Tuesday, 29 October 2013

Wild Boar Week and The Gallivant Hotel, Rye

We are slap bang in the middle of Wild Boar Week, a celebration of wild boar in beautiful Rye, East Sussex.

Starting this weekend on Saturday 26th October until this Sunday 3rd November – Wild Boar Week has a number of exciting events, woodland tours and culinary deliciousness taking place across the area and recently I was lucky enough to be invited to enjoy a preview of such activities.

I travelled from London St Pancras station via Southeastern changing at Ashford and taking the Southern Railways route on to Rye. These tickets were kindly, complimentary, however can be purchased for a very reasonable £11 return – taking only 90 minutes.

Our home for the next 24 hours was to be The Gallivant – a stylish, shabby-chic hotel by the glorious Camber Sands beach – a place that, for me and I’m sure many Londoners, has fond memories of childhood days spent on this long, golden beach.

The Gallivant is an elegant beachside retreat – decked out in whites and blues and with rooms so comfortable, you immediately feel you are welcomed into a home away from home. You can read more about my stay here on Thursday 31st October, when a second post will be live.

Back to Wild Boar Week; after settling into my double room, I joined the three other guests, our lovely host Diana, and a gentleman who was to give us a comprehensive introduction to wild boars, Mike Peplar and his charming wife, Tracy for a bespoke wild boar dinner that is available throughout this week at The Beach Bistro, the on-site restaurant.

Mike and Tracy Peplar moved to the area a few years back and have become so enchanted by the local woodland, living off of the land, foraging that they have bought several acres of the area and you can read about their adventures at Peplars in Rye.

We enjoyed a wild boar themed menu devised especially by The Beach Bistro’s head chef, Trevor Hambley.

Our starter included gorgeous whole local scallops, cooked through to succulent perfection with just a touch of caramelisation on the outside, to make them a little bite from heaven. Coupled with a crisp sliver of bacon, a concoction of Kentish apple puree and some greenery and then completed with the wild boar component; a risotto cake filled with rich, meaty boar-flavoured rice. The risotto had been shaped into rounds, covered in breadcrumbs and deep fried and all dressed with a tiny bit of balsamic glaze – all to die for and a put together beautifully to make a very pretty plate.

For the main course it was a real meaty treat and once again a very attractively plated dish. Generously thick slices of perfectly tender, pink-centred wild boar, meaty and gamey without the earthiness of meat such as venison were fantastic, a revelation. The piece de la resistance though, had to be a very British classic – a suet pudding filled with slowly braised, beautifully soft and melt-in-the-middle boar leg meat in a rich and unctuous gravy. Suet puddings are such a comforting food, and this absolutely transformed me to childhood in an envelope of warm fuzzy happiness. This simple dish was completed with a side of seasonal vegetables – it was all that was needed against such wonderful cooking.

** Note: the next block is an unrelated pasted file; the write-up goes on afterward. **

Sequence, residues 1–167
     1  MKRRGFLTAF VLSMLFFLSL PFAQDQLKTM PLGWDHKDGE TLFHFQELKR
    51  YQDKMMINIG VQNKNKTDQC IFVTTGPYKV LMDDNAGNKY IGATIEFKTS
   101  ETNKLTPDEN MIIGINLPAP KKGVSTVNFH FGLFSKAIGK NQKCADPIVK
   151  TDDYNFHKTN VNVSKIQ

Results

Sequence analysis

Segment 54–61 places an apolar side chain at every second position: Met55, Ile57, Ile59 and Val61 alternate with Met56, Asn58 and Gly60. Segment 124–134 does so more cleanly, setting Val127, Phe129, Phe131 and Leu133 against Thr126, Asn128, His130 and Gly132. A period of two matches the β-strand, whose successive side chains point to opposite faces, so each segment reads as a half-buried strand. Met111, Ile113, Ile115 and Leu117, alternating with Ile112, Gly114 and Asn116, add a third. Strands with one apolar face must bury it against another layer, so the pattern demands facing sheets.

Our dessert was a shared affair and a glorious one at that. A gorgeous pear tarte tatin was the centre piece of this board of confection and was absolutely gorgeous coupled with the homemade vanilla ice cream. Brandy snaps filled with a pistachio mousse and dipped in pistachio shards were not only innovative, but delicious too – I’ll be trying to re-create these at home. Cinnamon donuts too, were an unexpectedly divine addition to the selection of sweet treats and iced berries with a warm hot white chocolate sauce poured over them were another example of the simple yet impressive and effective style of cooking that prevails at The Beach Bistro. A triumph.

Following a hearty breakfast at The Gallivant, Mike Peplar led our group on an enjoyable woodland tour of a few hours. Mike showed us wild boar tracks, and other evidence of their presence within the woods – such as the random huge holes that they dig around the woods, which can make them unpopular with local farmers!

As well as talking us through some interesting facts about wild boars, Mike was able to identify the different types of tree, flowers and the like as well as a shared interest amongst our group – mushrooms. We saw some exquisite looking fungi, some of which almost looked magical and it has certainly picqued my interest on the matter.

You can find out more about Wild Boar Week and any events taking place here: http://wildboar.org.uk/

On Thursday 31st October I will posting a further review, detailing more about my stay at The Gallivant and The Beach Bistro, but in the meantime you can read more about them here:

For timetables and station information or to purchase tickets online, visit www.southeasternrailway.co.uk and/or www.southernrailways.com

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